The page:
Reading about the cases of Drs. Imad Hammada and Murad Abu-Khalaf עברית — both of whom have had their East Jerusalem residency revoked while residing abroad — got me to thinking: None of us should get too smug about our right to live here. As long as our Interior Ministry is headed by ayatollahs, who run it in their typical capricious, draconian manner, it can turn on any one of us any day. Take my own case, for instance:
When I came on aliya, I don’t recall having to submit any proof that I’m Jewish. The shlicha asked for neither my mother’s ketuba nor a brisket receipt from my great-grandmother’s kosher butcher in Grodno. Ditto for the state rabbi who officiated at our wedding. However, according to what I hear and read about most other immigrants, my experience is exceptional.
Supposing in the same way that some rabbi decided to investigate further and revoke hundreds of conversions, a rabbi who didn’t have anything better to do that day decided to look into my Jewish pedigree. While no one would blink before attesting to the fact that I’m Jewish, I actually have no way of proving it. And neither do any of us. Ten years into the 21st century, we Jews have got to come to grips with the new reality; we’ve got to let go of the fantasy called “the unity of the Jewish people”. Not only is it impossible to prove that someone’s Jewish, it’s impossible to prove that someone isn’t. Not only do we need to admit this, but we need to come to grips with the implications thereof:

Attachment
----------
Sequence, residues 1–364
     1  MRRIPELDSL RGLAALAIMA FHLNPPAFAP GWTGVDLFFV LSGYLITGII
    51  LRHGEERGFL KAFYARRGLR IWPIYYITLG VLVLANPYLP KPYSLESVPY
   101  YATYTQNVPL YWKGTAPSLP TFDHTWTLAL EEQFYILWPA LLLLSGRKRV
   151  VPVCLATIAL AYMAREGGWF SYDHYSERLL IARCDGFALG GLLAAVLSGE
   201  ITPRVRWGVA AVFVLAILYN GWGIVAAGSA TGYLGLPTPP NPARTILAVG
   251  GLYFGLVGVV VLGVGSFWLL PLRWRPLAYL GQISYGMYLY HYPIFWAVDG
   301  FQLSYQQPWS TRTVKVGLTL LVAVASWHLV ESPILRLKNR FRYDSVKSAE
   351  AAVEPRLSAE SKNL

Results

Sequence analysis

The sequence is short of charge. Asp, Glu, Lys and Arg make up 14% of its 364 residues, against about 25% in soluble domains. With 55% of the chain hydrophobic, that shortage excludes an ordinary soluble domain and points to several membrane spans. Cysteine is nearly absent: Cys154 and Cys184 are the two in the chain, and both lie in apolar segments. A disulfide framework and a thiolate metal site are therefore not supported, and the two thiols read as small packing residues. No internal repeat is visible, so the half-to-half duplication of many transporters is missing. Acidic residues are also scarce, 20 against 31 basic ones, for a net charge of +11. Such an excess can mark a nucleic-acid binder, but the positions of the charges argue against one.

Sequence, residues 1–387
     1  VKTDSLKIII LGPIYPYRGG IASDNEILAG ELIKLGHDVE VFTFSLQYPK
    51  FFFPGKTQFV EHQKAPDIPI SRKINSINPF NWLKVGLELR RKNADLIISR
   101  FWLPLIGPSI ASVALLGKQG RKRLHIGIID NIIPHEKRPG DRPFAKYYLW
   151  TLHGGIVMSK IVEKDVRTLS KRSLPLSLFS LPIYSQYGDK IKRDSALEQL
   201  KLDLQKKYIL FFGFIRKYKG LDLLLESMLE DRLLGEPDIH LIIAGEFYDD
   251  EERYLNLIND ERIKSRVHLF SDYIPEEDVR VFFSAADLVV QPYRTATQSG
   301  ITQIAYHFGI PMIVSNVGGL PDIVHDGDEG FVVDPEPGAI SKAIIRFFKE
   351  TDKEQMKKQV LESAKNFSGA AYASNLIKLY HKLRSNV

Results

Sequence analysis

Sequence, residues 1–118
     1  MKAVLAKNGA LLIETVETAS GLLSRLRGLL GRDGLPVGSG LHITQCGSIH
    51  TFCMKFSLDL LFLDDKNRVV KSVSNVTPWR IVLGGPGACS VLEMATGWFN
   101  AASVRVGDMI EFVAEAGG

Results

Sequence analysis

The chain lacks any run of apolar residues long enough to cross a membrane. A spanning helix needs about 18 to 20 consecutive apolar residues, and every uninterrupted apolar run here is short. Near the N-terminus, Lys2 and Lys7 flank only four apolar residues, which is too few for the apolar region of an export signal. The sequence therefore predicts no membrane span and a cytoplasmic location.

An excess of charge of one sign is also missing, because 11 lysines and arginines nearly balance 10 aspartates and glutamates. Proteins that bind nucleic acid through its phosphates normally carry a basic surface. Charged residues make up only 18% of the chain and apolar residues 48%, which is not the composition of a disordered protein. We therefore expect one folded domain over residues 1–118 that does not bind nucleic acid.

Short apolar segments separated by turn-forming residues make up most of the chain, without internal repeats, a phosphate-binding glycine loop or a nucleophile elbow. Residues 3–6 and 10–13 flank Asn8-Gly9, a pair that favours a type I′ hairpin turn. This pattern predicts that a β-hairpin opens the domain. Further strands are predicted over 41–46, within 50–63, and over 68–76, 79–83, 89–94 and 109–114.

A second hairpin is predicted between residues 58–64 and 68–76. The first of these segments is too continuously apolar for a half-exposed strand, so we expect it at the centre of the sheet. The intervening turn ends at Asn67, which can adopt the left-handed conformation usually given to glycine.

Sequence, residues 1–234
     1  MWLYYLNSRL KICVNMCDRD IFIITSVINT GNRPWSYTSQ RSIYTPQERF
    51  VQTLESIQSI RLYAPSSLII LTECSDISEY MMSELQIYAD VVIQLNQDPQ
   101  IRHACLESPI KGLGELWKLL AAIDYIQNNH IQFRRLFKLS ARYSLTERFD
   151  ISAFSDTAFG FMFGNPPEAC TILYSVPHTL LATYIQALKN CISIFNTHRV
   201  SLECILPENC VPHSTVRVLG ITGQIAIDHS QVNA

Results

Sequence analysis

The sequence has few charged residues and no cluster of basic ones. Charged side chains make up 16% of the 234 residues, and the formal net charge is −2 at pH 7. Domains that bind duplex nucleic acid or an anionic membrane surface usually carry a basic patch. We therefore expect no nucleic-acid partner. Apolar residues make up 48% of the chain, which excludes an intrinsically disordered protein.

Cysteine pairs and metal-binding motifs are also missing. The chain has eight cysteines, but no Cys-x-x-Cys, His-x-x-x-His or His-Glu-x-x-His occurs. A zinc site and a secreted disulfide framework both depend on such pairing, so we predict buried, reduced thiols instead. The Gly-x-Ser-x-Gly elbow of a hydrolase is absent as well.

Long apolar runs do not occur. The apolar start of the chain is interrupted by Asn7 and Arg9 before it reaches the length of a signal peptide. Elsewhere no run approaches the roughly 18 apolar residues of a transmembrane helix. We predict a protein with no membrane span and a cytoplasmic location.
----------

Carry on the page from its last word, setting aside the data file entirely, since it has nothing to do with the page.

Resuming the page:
· Israel has become a desirable destination for the have-nots of the world, whether they hail from the former USSR, Africa, or elsewhere.
· Because thousands are knocking at our door, the Law of Return must be revoked and replaced with an immigration policy, as strict or as lax as we wish.
· The above entails (to paraphrase Carlo Strenger עברית) the state severing its ties to all religious institutions, and becoming completely secular, along the French or U.S. model. Both Jews and Muslims would have to accept that the state cannot play any role in affairs of religion, and religious institutions would become completely voluntary and communitarian.
These three are not only intertwined, they’re inevitable; the only alternative is a theocracy. The fact that any Jew has the power to certify the kashrut of any other Jew -- unless granted such power by the Jew in question (i.e., you’re a willing follower of a particular rabbi) -- should be setting off alarms for us all. I call on every Jew reading this to “take back the brit”: Don’t submit your pedigree for inspection; don’t hand over authority to any entity to whose views you don’t subscribe. Don’t sign over your “power of Jewish attorney”.